The cries that these bailouts mean socialism and the end of the capitalist system are stupid. In case you haven’t noticed, the capitalist system has already ended. This has happened because value everywhere has sunk to new lows. The oil countries and oil companies are taking a phenomenal hit due to the collapse in oil prices. Farmers and agricultural economies around the world are imploding due to the collapse in food prices. Mining and metals production are disintegrating as demand evaporates. The list goes on and on and represents, in fact, what will probably turn out to be the greatest unwinding of economic activity in human history.
And so, the question is ‘why?’ The answer is so simple that it’s actually kind of scary that no economic scholars have seen it so far. It is that work has less value than has been placed on it. We value work two ways, by compensation and by debt. When a lawyer makes $10,000 a month, we allow him not only to buy $10,000 worth of goods with that money, but also to go into debt to buy more goods. In other words, we say that his work is worth not just its present value, but its future value also.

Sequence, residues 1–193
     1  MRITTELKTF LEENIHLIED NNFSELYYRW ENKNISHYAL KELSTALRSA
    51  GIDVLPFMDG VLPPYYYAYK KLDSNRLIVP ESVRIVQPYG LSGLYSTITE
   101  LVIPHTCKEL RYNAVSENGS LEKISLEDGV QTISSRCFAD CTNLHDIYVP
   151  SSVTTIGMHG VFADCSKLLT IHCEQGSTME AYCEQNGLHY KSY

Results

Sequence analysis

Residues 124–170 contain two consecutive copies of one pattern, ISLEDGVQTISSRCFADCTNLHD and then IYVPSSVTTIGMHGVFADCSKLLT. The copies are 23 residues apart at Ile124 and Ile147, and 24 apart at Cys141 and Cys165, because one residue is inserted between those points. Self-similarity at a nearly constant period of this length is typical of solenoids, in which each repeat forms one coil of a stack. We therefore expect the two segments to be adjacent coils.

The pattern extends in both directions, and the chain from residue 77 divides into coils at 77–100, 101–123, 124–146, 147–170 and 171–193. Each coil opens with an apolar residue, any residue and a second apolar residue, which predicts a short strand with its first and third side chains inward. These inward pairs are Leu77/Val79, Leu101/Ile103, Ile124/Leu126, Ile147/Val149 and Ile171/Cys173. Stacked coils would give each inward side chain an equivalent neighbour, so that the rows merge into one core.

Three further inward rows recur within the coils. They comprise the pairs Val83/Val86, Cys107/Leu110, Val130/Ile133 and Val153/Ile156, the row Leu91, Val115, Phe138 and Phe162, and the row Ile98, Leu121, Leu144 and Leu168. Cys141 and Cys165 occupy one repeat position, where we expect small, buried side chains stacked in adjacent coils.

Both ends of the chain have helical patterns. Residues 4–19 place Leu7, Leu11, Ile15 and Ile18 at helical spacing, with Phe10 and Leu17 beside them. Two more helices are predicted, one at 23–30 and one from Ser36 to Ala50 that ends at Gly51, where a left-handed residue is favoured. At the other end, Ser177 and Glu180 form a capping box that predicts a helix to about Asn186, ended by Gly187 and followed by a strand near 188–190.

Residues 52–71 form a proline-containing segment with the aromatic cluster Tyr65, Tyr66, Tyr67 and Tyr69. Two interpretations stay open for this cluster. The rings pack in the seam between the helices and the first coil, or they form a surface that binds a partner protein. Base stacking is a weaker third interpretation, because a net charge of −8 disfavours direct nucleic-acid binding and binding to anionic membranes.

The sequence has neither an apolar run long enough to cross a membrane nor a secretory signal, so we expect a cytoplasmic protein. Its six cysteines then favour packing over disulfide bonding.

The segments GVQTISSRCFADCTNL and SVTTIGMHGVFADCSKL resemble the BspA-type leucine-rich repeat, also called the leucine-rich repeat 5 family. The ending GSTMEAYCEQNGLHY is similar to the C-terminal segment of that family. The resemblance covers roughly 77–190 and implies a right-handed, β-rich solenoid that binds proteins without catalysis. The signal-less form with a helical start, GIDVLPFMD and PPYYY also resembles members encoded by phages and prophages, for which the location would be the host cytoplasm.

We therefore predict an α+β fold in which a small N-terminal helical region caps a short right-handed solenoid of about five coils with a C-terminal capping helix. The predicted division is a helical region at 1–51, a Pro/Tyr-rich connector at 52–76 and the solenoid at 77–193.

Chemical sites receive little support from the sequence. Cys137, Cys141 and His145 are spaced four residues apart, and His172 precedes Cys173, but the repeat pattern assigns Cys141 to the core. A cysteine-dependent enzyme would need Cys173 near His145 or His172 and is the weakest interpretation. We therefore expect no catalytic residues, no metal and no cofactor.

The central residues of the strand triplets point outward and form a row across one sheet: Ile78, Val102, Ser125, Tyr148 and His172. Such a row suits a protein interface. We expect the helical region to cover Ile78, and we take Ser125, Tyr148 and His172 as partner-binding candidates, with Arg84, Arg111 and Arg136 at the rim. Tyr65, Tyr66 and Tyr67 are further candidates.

As long as his debt is believable, this is all perfectly fine. However, if you will recall, just last summer oil prices, commodity prices and home prices were literally going through the roof. Oil was at $140.00 per barrel and gasoline was costing upwards of four dollars a gallon.
This cut into consumer spending. Then it cut into mortgage payments. Then the slide started, as millions of mortgages turned out to have been gathered into what are, essentially, fake securities. They are fake because nobody can tell who actually owns the mortgages they contain, and therefore, if the mortgages default, there is no final owner to claim the property.